She tucked into some of those salvage stocks to finish the interior of the home in Second Peninsula. In fact, the home’s entire design was influenced by one item in particular: a set of 11-foot (three-metre) wooden doors that were rescued when Thornvale, a 19th-century estate in Halifax’s Northwest Arm, underwent a major renovation in 2010.
The doors had been painted over many times and were in desperate need of some tender loving care. Corson contacted Don Wilson of Lunenburg Chiselworks, who took on the task of stripping and refinishing the massive pieces. He split some of the larger doors in half for closet doors, and fitted others on barn door tracks to serve as movable walls in the main living area of the house.
Salvaged items crop up in other parts of the house, as well. The showers are lined with old vinyl signage, some of the wall trusses came from a movie set, and the kitchen sink and stainless fireplace surround were once used at Northwood Manor, a senior’s residence in Halifax.
In the concrete floors, recycled glass from Truro Sanitation, the company handling waste in Colchester County, replaced the traditional aggregate that is needed to mix cement. The floors were polished with a grinder to produce a glossy and smooth finish that allows the multi-coloured glass flecks to shine through.
To Trevor Giddy, a local contractor who laid the slab foundation for the house, the repurposed glass in the floor is the star of the show. “I think it’s just wonderful,” says the 30-year veteran of the contracting business. “I had never heard of such a thing.”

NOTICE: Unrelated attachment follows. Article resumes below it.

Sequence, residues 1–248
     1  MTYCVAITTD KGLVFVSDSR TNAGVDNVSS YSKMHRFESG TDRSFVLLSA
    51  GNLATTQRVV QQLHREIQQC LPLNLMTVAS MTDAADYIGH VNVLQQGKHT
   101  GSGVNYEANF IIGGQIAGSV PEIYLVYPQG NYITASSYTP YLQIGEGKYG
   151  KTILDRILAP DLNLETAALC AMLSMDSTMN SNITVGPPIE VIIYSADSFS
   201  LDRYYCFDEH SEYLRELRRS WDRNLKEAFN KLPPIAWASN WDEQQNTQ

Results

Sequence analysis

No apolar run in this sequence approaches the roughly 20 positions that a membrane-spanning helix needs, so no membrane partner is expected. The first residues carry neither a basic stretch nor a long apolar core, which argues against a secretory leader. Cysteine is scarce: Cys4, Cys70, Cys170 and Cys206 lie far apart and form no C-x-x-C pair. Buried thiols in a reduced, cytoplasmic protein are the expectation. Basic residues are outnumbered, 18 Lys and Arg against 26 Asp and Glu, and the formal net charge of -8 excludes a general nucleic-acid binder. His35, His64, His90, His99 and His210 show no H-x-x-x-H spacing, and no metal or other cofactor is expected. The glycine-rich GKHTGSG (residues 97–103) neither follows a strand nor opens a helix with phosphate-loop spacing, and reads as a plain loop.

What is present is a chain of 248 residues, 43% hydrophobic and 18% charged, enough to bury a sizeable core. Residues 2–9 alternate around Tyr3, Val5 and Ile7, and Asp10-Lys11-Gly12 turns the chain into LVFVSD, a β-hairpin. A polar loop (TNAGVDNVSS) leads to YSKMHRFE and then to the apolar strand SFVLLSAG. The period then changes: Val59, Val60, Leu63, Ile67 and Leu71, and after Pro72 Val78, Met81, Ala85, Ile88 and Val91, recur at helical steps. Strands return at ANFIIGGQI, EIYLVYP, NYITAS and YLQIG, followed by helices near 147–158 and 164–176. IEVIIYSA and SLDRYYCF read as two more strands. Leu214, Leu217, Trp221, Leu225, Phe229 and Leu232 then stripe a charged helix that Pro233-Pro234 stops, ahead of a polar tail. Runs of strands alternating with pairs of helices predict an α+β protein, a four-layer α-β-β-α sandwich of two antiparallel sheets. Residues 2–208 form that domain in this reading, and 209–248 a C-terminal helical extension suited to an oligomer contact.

Corson and Robertson worked with a Dartmouth, N.S. manufacturer, TrueFoam, to develop a prefabricated styrofoam footprint in which to pour the concrete slab. It acts as both the structural form as well as the insulation for the foundation.
Giddy jokingly refers to it as a “Styrofoam bathtub.” Although he had never poured a foundation like this before, he said the learning curve was brief. It didn’t take long for his crew to figure out how the brick-shaped pieces of foam fit together and once they did, he says they were able to build the form in a matter of days.
For the family, living in an off-grid house has required a few adjustments. Before watching TV or doing the laundry, they first check on the batteries, located within easy reach in a systems room by the front door. Then they check the weather.
If the batteries are fully charged and the forecast calls for sunshine, the two children—Lil, nine, and Clay, 13—are free to shower, use the Internet and watch TV as much as they like. But if there are cloudy days ahead, the family must think more carefully about activities that need a lot of energy. “You become hyper-aware of the amount of electricity you use when you generate your own,” says Robertson.
That’s why he and Corson have set aside one small area of the kitchen that Corson calls “energy pig corner.” Small appliances like the toaster, electric kettle and coffee maker, “anything that runs on a red coil,” she says, are relegated to that corner.
In sunny weather, these are all fair game, but Corson also has a set of old-school alternatives for grey days, such as a camping toaster that sits on top of a burner on the propane stove.
Reminding the kids of the different rules between this self-sufficient cottage and their century home in Halifax can, Corson says, be challenging at times. “But I’m so used to always needing a scarf in the house in Halifax,” she says, “so I’m really pleased about the comfort here.”